The problem with meteoric success is that there’s a good chance you’ll crash. Just ask Unicorn wunderkind, Adam Neumann, the man who grew WeWork into a company valued at 47 billion dollars, he was lauded and admired and considered one of the most charismatic CEOs of all time. But his stratospheric rise hit a wall as soon as he thought he could “change the world,” and to do that he was ready for an IPO. That was his downfall. No sooner did Wall Street get a look at his numbers, his house of cards came tumbling down. It’s a fascinating story.
Bad Batch (Wondery)
From Wondery and Laura Bell, the creators of Dr. Death comes Bad Batch, another true tale about the medical industry. Patients looking for a cure-all become violently ill after being injected with a new “miracle cure” created from stem cells. Were the vials tainted? Do stem cell treatments even work? Bell investigates the snake-oil promises of a multi-million dollar company selling its cure-all to doctors nationwide. It’s a fascinating yet frightening podcast detailing a scam on the level of Theranos.
The Mysterious Mr. Epstein (Wondery)
A detailed look into the life and crimes of billionaire Jeffrey Epstein from a poor college dropout to private school teacher to Wall Street wiz and billionaire pedophile. The episodes include poignant interviews with some of the women caught in Epstein’s twisted web.
The Shrink Next Door (Wondery)
This story is beyond tragic. It’s the tale of esteemed psychiatrist Isaac Herschkopf, shrink to A-listers and celebrities, who insinuated himself into his patients’ lives then systematically destroyed them. One such patient, Marty Markowitz, lived next-door to veteran journalist Joe Nocera, a columnist for Bloomberg and the host of the podcast. Over time, as Nocera gets to know Markowitz, he unravels a web of deceit, manipulation, and malpractice that kept Markowitz emotionally imprisoned for over 30 years. What’s worse is Herschkopf is still practicing.
The Ballad of Billy Balls (Crime Town)
What do you get when you mix a young woman’s quest for answers, a murder-mystery; 1980s punk culture on the lower east side of new york; child neglect; addiction; soul-searching; the fragility and strength of familial bonds, and personal reflection? The Ballad of Billy Balls. Narrator / creator Io Tillet Wright is uncommonly honest and compelling in this telling of a family history mangled by the loss of a great love, the domino effect of repercussions, and the questions around a murder she’s determined to solve.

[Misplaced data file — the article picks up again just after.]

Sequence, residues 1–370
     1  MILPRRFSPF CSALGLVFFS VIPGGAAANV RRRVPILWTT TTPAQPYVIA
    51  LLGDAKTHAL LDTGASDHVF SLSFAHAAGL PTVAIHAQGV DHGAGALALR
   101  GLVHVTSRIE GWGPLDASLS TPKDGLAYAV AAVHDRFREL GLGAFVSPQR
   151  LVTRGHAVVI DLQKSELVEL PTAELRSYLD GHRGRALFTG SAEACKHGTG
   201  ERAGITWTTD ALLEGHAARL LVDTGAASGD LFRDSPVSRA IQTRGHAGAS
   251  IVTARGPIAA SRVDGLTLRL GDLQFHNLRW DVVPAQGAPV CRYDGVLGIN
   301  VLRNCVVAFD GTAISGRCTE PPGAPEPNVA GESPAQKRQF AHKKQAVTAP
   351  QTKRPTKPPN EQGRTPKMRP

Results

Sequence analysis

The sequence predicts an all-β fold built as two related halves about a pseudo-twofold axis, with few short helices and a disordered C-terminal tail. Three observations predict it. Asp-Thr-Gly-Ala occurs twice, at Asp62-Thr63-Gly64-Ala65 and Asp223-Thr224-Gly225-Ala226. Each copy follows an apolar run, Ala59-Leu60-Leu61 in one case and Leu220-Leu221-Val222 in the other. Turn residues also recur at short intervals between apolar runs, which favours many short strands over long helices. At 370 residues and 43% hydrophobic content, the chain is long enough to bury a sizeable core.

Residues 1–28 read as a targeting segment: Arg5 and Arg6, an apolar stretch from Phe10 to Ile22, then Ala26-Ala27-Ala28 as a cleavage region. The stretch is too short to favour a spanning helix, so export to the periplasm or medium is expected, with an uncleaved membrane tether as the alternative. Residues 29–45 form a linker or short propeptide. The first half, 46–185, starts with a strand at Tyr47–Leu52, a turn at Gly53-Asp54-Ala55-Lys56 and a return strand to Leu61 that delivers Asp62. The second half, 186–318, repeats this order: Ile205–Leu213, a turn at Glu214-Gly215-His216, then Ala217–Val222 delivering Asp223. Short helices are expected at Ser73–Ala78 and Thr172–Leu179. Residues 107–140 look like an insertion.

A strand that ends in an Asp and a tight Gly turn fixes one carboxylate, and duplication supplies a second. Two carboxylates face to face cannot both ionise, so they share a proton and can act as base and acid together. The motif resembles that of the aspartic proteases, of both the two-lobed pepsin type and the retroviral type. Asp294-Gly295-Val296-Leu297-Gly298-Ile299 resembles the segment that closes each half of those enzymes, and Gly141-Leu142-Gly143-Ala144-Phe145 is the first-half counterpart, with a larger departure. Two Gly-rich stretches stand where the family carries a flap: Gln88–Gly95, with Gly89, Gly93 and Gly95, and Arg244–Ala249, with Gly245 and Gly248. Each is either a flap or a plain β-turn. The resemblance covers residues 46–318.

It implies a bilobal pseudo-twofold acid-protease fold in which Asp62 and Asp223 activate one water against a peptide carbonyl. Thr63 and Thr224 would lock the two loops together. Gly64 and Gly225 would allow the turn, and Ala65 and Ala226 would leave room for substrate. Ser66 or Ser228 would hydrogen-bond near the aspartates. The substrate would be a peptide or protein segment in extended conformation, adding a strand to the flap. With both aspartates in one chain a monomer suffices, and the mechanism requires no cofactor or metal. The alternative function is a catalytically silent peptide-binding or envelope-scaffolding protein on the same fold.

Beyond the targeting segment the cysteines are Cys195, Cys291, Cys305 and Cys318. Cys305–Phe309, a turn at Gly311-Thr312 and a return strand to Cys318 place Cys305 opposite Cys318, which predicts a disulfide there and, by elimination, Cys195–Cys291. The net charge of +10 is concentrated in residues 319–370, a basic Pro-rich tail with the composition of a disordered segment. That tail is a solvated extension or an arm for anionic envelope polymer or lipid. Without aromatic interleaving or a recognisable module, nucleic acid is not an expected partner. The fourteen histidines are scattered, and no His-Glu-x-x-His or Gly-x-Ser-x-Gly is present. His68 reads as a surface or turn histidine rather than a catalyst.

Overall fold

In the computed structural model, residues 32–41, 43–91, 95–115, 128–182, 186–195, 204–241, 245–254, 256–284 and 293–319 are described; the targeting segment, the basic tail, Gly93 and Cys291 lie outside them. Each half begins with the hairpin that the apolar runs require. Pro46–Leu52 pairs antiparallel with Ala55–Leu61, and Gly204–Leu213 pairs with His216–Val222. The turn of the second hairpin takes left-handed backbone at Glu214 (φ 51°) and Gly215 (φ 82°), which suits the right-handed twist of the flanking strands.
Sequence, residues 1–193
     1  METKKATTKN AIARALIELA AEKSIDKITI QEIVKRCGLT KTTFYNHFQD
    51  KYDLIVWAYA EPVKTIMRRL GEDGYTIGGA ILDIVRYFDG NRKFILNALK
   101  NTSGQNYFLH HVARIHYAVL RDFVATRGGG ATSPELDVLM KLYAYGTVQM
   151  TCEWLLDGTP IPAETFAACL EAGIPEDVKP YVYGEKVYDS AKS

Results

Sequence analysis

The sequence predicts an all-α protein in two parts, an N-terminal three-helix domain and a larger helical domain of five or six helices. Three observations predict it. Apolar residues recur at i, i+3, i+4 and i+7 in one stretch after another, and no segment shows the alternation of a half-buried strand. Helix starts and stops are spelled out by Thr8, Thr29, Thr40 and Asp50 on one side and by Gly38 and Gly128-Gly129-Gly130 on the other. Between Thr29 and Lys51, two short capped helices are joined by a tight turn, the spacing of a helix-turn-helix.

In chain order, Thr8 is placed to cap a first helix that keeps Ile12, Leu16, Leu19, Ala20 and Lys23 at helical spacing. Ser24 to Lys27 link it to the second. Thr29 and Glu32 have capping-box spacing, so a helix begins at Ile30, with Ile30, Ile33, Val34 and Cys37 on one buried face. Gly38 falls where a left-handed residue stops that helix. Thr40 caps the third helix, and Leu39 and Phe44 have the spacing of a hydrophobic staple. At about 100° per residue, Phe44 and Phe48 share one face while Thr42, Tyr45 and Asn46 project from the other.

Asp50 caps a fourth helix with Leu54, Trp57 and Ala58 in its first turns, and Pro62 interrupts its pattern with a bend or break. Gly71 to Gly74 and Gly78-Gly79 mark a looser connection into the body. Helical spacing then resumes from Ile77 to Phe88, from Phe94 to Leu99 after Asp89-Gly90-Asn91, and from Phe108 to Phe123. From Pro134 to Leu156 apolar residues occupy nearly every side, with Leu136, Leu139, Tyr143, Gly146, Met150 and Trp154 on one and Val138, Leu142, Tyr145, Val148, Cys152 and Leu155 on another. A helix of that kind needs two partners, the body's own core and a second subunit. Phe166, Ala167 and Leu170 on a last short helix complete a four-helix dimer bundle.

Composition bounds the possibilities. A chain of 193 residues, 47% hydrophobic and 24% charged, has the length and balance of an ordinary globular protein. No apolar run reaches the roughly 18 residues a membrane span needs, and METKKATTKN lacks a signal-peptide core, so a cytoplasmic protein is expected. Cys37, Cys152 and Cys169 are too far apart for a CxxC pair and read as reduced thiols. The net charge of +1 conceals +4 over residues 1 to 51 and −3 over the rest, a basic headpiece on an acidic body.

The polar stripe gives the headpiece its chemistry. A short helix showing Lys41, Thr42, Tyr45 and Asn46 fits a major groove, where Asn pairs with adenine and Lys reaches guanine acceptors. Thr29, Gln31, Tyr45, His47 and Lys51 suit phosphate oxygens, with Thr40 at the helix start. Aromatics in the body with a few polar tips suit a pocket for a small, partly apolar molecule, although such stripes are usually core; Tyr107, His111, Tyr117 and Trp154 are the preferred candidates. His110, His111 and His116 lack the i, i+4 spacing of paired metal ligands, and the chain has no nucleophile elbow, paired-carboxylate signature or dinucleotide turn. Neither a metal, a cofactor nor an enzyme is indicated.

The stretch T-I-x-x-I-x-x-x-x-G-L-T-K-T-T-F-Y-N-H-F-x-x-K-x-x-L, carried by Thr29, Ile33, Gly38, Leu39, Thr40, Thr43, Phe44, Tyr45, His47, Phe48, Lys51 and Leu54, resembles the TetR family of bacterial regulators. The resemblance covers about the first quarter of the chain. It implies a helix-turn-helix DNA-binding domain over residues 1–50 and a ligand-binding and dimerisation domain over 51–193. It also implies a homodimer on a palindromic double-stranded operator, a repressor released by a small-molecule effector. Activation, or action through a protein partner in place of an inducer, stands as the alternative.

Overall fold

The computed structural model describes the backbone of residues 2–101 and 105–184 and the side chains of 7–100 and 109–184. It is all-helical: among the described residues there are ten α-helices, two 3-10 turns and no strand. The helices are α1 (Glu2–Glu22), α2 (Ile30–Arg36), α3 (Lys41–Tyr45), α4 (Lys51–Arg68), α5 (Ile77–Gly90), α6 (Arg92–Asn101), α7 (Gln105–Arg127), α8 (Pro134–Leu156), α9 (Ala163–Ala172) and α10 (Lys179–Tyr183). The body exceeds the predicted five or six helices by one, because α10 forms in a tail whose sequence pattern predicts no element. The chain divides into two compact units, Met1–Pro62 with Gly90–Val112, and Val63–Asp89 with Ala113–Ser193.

Packed with twist and turns and crazy, unexpected surprises, you’ll find it hard to believe this six-episode podcast is true. But it is. I can’t begin to write a summary that will do this podcast justice, but I’ll give it a go.
Half sisters Rasha Pecoraro and Yvette Gentile host a podcast that delves into the mysterious and often bizarre life story of their mother, Fauna Hodel.
To begin with, Fauna’s biological mother, Tamar, gave her up after meeting Jesse Lee, an African American woman in a casino bathroom. She told Jesse Lee Fauna’s father was black, and her family wouldn’t except the baby, but that wasn’t the truth. It took years for Fauna to unravel the real story and, in doing so, discovered secrets about Tamar and the fact her grandfather, a locally renowned surgeon, was a prime suspect in the famous Black Dahlia murder. (Elizabeth Short, nicknamed the Black Dahlia, was tortured, killed, exsanguinated, mutilated, cut in half and left posed in an empty neighborhood vacant lot in 1947.) And if all that wasn’t enough, the Hodel family saga also includes domestic violence, incest, orgies, courtroom drama, addiction, singer/songwriter Michelle Phillips, and Salvadore Dahli. It’s a fascinating listen.
The Dropout (ABC News)
The Dropout proves the smartest people on the planet can be duped. Just ask the professional journalists, entrepreneurs, venture capitalists, tenured professors, a major drugstore chain, and the politicians who fell for what is one of the biggest frauds in history.
At 19, Elizabeth Holmes dropped out of Stanford to launch Theranos, a tech company promising a device that would provide low-cost diagnostics for hundreds of conditions using only a pinprick and a drop of blood. She said she would revolutionize the healthcare industry. Unfortunately for Elizabeth, though she raised well over a billion dollars and promised the moon to her investors and business partners, her technology didn’t work. But heaven forbid she’d tell anyone. ABC News chief business, technology, and economics correspondent Rebecca Jarvis, unpacks this gripping tale from Theranos’ lauded beginnings to its current infamous present.
At 19, Elizabeth Holmes dropped out of Stanford to launch Theranos, a tech company promising a device that would provide low-cost diagnostics for hundreds of conditions using only a pinprick and a drop of blood. She said she would revolutionize the healthcare industry. Unfortunately for Elizabeth, though she raised well over a billion dollars and promised the moon to her investors and business partners, her technology didn’t work. But heaven forbid she’d tell anyone. ABC News chief business, technology and economics correspondent Rebecca Jarvis, unpacks this engrossing tale from Theranos’ lauded beginnings to its current infamous present.